One of China’s biggest companies, the Fortune 500-listed PowerChina, is establishing itself among energy sector players seeking to offer solutions to the crippling blackouts predicted to last until 2027 in South Africa.
The country is seeking to transition to a greener manufacturing economy by increasing energy generation from renewables in addition to coal-fired plants and other power sources. China has agreed to partner in these efforts to industrialize South Africa further, according to the country’s Trade, Industry and Competition Minister Ebrahim Patel.
To complement these efforts, renewable power plants are coming up in different parts of the country and PowerChina, the state-owned Chinese energy behemoth, is taking advantage of this to expand its footprint in the sector after signing a contract for the second-largest solar energy plant in South Africa.
PowerChina will build, operate and maintain a 123MW solar plant that will provide electricity to at least 82,000 households when completed. While this is not a huge project, the additional power generation will no doubt offer relief to residents from the almost two-decade-long electricity supply crisis, commonly known as load-shedding.
The facility will be the company’s second renewable energy initiative in South Africa. Earlier, PowerChina was contracted to build a 100mw solar plant in the Northern Cape region funded by the African Development Bank.
South Africa’s Challenges Shifting From Coal to Renewables
Aging and failing coal-powered plants, limited investments in alternative energy sources, corruption and vandalism of electricity transmission systems only add to compound the current load-shedding problems.
While increased electricity generation is good for communities enduring load-shedding, renewables may not address all of their economic woes. The coal sector employs at least 200,000 workers and fears that a green energy transition will cause mass layoffs make opposition from workers’ unions highly likely.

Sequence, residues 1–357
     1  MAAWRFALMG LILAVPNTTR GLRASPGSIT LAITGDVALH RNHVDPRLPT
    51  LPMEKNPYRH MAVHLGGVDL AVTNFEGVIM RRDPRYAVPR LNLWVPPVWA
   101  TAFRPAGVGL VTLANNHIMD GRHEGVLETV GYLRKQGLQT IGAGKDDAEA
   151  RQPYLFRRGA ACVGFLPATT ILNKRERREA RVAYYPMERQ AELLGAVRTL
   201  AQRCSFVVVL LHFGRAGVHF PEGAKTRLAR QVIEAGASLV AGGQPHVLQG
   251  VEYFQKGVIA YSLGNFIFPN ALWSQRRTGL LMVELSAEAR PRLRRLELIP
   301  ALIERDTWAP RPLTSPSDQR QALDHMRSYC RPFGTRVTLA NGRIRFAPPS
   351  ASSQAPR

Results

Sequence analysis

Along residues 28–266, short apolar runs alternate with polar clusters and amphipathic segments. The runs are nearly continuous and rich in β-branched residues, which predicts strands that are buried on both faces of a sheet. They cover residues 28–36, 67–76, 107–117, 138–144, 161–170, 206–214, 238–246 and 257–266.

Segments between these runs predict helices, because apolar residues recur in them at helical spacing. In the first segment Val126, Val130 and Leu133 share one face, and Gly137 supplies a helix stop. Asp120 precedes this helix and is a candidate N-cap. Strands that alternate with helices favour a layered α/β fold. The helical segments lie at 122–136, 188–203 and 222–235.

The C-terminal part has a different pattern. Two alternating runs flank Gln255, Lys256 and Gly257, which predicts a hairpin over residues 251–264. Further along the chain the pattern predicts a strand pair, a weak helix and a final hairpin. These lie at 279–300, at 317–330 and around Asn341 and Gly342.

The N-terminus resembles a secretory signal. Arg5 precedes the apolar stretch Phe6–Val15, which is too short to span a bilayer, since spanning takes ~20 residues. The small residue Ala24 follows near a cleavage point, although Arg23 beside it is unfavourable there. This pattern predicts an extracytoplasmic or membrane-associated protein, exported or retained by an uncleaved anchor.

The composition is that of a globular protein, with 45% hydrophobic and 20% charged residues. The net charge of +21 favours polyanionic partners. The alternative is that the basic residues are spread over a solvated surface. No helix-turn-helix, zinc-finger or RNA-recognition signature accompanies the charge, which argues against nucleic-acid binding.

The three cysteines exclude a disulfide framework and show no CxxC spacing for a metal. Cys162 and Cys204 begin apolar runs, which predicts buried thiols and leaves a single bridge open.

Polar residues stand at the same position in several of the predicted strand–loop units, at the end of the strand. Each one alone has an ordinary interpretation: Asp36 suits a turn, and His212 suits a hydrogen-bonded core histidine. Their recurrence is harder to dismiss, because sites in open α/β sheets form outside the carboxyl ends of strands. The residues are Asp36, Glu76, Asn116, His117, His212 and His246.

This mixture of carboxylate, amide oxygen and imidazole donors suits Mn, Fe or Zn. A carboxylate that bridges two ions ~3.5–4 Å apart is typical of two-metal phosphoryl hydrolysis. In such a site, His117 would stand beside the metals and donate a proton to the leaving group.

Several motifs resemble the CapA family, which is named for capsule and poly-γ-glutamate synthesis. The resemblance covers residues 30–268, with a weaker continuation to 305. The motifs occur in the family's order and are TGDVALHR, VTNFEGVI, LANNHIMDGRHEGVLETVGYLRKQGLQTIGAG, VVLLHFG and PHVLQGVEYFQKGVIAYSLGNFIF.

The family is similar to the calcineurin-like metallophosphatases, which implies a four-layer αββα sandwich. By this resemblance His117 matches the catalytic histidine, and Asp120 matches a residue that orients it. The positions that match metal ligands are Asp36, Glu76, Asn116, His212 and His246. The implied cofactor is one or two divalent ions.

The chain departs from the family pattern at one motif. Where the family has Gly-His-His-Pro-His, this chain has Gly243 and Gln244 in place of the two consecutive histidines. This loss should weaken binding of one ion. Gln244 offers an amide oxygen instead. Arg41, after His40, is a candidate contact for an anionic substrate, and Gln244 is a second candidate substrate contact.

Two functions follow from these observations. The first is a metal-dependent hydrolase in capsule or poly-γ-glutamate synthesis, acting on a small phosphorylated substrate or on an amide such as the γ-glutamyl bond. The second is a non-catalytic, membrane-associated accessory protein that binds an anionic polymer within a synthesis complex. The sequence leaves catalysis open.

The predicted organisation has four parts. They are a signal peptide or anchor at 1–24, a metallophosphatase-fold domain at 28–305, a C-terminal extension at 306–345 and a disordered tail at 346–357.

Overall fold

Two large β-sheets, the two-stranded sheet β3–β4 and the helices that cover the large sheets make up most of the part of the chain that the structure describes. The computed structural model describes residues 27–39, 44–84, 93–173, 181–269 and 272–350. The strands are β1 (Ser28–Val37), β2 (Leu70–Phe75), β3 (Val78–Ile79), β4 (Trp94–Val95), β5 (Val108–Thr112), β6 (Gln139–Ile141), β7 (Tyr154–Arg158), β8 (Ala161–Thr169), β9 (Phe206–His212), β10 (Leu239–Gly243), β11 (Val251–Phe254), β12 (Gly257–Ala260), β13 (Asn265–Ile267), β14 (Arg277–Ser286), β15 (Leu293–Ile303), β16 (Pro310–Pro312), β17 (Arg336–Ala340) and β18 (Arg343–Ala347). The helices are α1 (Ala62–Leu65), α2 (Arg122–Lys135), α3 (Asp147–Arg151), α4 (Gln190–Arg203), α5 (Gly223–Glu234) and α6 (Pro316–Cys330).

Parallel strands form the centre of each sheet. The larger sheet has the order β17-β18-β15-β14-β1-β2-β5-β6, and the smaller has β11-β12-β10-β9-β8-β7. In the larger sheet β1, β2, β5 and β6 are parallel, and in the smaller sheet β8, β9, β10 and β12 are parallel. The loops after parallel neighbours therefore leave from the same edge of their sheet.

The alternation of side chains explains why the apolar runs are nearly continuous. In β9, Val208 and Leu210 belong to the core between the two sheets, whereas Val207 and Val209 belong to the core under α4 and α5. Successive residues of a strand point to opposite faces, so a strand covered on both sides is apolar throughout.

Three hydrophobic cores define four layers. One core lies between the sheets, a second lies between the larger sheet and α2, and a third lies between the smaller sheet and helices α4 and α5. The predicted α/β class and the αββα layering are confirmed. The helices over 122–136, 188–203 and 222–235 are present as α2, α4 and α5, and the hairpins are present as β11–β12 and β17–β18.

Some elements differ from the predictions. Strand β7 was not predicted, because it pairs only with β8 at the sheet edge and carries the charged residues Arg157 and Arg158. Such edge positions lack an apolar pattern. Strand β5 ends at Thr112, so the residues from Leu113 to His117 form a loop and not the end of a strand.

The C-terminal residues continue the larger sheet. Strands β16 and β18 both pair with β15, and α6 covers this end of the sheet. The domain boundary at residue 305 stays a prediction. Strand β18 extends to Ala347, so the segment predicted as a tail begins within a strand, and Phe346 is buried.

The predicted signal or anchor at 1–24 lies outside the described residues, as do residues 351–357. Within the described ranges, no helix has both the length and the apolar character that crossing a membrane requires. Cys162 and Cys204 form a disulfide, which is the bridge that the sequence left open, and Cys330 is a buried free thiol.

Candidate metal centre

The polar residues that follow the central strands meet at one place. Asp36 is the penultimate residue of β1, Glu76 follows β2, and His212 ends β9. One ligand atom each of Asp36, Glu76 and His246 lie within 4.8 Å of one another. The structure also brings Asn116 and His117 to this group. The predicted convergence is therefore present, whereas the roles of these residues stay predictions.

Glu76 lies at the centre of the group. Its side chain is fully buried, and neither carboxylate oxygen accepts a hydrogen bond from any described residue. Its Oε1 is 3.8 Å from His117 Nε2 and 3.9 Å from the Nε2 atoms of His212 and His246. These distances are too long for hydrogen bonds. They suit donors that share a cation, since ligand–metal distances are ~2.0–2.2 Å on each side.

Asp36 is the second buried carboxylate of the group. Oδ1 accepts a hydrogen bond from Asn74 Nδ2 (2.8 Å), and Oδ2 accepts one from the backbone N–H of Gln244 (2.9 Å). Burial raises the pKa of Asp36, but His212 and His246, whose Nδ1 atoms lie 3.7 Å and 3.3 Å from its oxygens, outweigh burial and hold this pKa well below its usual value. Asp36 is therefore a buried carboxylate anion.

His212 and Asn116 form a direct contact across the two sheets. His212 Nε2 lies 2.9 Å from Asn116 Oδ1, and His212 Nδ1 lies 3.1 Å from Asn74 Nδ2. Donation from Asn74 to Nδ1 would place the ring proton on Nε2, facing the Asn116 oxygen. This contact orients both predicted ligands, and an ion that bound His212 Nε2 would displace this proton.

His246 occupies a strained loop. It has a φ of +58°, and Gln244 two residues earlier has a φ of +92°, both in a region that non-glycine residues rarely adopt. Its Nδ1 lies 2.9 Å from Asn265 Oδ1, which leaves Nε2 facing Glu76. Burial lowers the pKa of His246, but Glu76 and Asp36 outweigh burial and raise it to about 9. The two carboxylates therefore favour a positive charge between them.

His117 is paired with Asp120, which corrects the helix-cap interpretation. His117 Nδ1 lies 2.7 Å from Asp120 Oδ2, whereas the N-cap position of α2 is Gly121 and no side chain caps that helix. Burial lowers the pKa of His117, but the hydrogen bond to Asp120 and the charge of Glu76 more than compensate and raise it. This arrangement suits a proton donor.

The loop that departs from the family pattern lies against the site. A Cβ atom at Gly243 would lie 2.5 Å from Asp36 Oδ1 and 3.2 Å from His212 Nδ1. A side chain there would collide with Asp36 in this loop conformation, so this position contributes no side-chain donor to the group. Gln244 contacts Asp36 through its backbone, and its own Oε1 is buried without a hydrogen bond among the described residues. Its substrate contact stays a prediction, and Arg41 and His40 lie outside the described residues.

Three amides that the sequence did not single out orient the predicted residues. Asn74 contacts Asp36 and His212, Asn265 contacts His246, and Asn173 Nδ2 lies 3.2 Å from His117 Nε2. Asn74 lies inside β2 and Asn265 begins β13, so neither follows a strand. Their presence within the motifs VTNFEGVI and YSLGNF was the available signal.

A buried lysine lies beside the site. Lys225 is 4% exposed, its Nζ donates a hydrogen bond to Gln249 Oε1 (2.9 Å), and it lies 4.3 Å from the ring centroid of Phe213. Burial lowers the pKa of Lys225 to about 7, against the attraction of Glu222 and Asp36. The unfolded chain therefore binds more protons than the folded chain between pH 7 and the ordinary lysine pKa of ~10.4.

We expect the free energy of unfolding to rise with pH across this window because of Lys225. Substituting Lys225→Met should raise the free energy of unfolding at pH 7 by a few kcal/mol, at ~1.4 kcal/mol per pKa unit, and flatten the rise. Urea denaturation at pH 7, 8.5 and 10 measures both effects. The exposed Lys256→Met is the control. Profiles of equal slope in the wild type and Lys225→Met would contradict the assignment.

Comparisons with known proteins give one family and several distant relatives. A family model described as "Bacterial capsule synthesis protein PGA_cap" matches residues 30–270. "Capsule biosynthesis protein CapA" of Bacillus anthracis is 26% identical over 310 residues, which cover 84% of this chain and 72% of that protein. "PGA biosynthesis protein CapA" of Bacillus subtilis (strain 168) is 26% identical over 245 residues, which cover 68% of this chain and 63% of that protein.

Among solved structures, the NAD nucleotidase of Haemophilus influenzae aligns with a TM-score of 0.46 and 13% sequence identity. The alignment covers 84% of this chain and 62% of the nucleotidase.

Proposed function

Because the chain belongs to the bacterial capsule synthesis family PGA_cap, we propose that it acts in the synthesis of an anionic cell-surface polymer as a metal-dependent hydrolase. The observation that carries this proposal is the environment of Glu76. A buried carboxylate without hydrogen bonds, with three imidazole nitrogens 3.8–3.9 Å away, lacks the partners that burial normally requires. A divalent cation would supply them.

Cobus van Staden, CGSP managing editor and a senior researcher in South Africa says: “By coal making up a large part of South Africa’s exports and players being politically powerful (both as investors and unions), the full phasing out of the fossil fuel and transitioning to renewable energy will be an enormous challenge.”
He adds that coal bias within the South African government is significant which will possibly give a lease of life to hydrocarbon lobbies and delay the green transition.
As the continent’s most industrialized country, South Africa currently generates 42,000MW from coal-fired plants, accounting for about 85% of the electricity output. A surprise announcement in June 2021 by President Cyril Ramaphosa which eased licensing regulations for independent power producers enables them to generate up to 100MW each which collectively will add as much as 5,000MW to the grid by 2024.
The country targets to increase renewable energy generation to 41% by 2030 and Chinese companies like PowerChina are well positioned to contribute to this transition.
Van Staden adds, “From this perspective, China could influence South Africa’s direction by offering technical assistance, connections to appropriate providers of renewables and related engineering, procurement, and construction services.”
WHY IS THIS IMPORTANT?
The PowerChina project is not big in size in comparison to other mega developments but it is significant to South Africa’s local energy sector transformation. It adds to the pace of renewables adoption in the country.
South Africa’s power utility, Eskom, plans to close seven coal plants by the end of 2030 and two more by 2035, out of a total of 15. With this closure, PowerChina and other Chinese companies are in an advantageous position to snap the available sustainable energy generation opportunities in the country.
Already other Chinese companies like Sinohydro Corporation, China Yangtze Power, Xinjiang Goldwind Science Technology and JinkoSolar Holdings have some solar power projects in their portfolio in South Africa which gives them an edge in the country’s renewables sector.
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